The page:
Metaverse. Metaverse. Metaverse.

Say it three times fast, and you’ll still be confused about the promise of this much-hyped digital world where we’ll apparently work, hang out and more.

Yet Peggy Johnson, chief executive of Magic Leap, can see it clearly. She doesn’t even have to put on the company’s high-tech headset.

Ms….

Metaverse. Metaverse. Metaverse.

Say it three times fast, and you’ll still be confused about the promise of this much-hyped digital world where we’ll apparently work, hang out and more.

Yet Peggy Johnson, chief executive of Magic Leap, can see it clearly. She doesn’t even have to put on the company’s high-tech headset.

Ms. Johnson, who took over the reins of the embattled startup in 2020, sees a future where we put on augmented-reality glasses and view digital information projected within our real world. No more would we be constantly sucked out of the world to stare at a screen in our hand or on our desk or wall.

(Reminder: While a virtual-reality headset blocks out the world so you can escape, augmented-reality goggles add a layer onto it. Think of the windshield heads-up display found in many cars today.)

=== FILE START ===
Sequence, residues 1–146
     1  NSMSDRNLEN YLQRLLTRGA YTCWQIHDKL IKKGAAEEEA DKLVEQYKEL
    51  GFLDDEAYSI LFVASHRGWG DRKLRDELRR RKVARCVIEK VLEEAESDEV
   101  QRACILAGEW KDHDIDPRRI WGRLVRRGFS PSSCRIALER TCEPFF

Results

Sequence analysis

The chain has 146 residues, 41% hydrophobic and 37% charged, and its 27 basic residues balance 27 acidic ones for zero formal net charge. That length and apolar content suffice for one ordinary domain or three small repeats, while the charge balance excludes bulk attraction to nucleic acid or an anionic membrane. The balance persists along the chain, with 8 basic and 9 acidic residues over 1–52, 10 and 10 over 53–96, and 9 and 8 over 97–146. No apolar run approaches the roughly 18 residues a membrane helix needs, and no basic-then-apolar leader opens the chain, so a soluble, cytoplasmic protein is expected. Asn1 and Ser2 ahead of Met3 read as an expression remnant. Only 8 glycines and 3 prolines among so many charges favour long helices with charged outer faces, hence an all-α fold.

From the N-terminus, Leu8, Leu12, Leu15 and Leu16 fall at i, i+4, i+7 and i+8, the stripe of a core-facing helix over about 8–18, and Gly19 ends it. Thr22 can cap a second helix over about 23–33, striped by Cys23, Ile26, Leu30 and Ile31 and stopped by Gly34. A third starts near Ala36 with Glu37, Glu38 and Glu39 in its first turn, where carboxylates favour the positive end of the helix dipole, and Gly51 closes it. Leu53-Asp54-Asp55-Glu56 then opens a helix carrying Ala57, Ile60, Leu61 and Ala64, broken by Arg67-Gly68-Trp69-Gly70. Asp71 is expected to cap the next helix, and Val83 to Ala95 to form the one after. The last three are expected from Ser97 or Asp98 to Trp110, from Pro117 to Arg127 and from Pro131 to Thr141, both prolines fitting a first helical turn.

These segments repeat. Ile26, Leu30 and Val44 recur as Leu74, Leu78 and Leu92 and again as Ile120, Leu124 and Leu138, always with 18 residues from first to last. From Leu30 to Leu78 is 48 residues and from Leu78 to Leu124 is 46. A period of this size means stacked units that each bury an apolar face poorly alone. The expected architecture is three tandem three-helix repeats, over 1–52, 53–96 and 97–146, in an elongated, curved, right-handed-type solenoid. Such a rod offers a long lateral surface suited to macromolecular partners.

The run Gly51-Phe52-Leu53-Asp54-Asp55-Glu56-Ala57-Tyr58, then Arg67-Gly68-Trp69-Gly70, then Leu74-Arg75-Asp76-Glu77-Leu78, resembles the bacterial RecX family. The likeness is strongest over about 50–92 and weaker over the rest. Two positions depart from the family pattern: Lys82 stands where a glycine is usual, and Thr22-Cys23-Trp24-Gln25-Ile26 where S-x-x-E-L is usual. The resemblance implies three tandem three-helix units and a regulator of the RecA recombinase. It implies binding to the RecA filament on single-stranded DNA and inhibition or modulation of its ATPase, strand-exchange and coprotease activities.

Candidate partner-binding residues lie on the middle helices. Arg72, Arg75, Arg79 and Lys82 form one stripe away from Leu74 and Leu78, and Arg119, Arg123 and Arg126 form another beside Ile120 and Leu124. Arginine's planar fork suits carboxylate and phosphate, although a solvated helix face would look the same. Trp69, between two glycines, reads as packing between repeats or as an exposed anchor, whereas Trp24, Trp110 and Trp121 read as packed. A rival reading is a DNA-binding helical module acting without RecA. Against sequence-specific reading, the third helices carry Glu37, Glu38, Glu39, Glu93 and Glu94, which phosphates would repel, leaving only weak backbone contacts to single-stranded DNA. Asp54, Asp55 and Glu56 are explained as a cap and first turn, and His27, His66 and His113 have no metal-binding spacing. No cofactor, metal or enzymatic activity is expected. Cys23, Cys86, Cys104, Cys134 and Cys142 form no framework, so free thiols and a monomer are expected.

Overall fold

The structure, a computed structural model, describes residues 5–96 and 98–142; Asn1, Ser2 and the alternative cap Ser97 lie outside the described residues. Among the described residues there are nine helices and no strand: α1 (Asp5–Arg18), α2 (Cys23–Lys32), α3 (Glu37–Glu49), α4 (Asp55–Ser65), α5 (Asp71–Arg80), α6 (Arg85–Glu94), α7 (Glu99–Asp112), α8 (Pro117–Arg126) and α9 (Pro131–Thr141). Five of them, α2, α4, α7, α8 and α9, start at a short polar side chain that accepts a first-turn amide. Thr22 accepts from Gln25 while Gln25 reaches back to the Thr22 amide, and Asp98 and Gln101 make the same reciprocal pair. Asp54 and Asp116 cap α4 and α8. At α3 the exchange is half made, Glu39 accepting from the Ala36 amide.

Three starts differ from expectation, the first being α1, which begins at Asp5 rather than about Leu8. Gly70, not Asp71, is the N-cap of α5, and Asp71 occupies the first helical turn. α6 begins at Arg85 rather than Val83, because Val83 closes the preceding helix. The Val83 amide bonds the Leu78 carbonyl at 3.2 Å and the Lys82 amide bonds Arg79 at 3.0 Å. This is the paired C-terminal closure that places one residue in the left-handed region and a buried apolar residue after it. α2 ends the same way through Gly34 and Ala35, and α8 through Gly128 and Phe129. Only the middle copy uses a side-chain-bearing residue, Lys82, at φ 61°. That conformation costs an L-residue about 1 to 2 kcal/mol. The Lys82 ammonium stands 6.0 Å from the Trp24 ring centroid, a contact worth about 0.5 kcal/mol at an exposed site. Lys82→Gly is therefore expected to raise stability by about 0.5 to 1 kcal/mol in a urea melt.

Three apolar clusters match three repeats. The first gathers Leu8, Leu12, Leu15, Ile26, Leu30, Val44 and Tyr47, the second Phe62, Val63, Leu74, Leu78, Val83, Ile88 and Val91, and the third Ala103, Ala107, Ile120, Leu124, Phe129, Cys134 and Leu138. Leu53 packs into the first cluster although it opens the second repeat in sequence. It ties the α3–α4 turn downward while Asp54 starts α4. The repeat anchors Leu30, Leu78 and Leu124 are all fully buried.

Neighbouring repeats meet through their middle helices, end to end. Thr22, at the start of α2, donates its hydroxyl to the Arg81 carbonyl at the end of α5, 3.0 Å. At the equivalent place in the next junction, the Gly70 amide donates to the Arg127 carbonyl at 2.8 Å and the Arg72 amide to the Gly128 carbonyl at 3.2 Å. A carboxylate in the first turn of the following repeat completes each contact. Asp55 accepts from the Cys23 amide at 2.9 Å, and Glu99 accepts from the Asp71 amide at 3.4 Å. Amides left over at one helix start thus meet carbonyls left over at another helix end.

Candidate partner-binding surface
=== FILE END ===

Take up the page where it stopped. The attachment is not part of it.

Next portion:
The Magic Leap 2 headset and computer is expected to ship later this year.
Photo: Magic Leap

After 25 years at
Qualcomm,
Inc. and then six more at Microsoft Corp. as its chief deal maker, the 60-year-old CEO redirected Magic Leap to focus on enterprise customers and business-use customers for its still nascent technology. The Magic Leap 2 headset, expected to ship later this year, is designed to be lighter than its predecessor, with better optics and audio.

The Wall Street Journal spoke to Ms. Johnson about the industries already making AR a reality and what it will take to get glasses that don’t look like a total nerd helmet.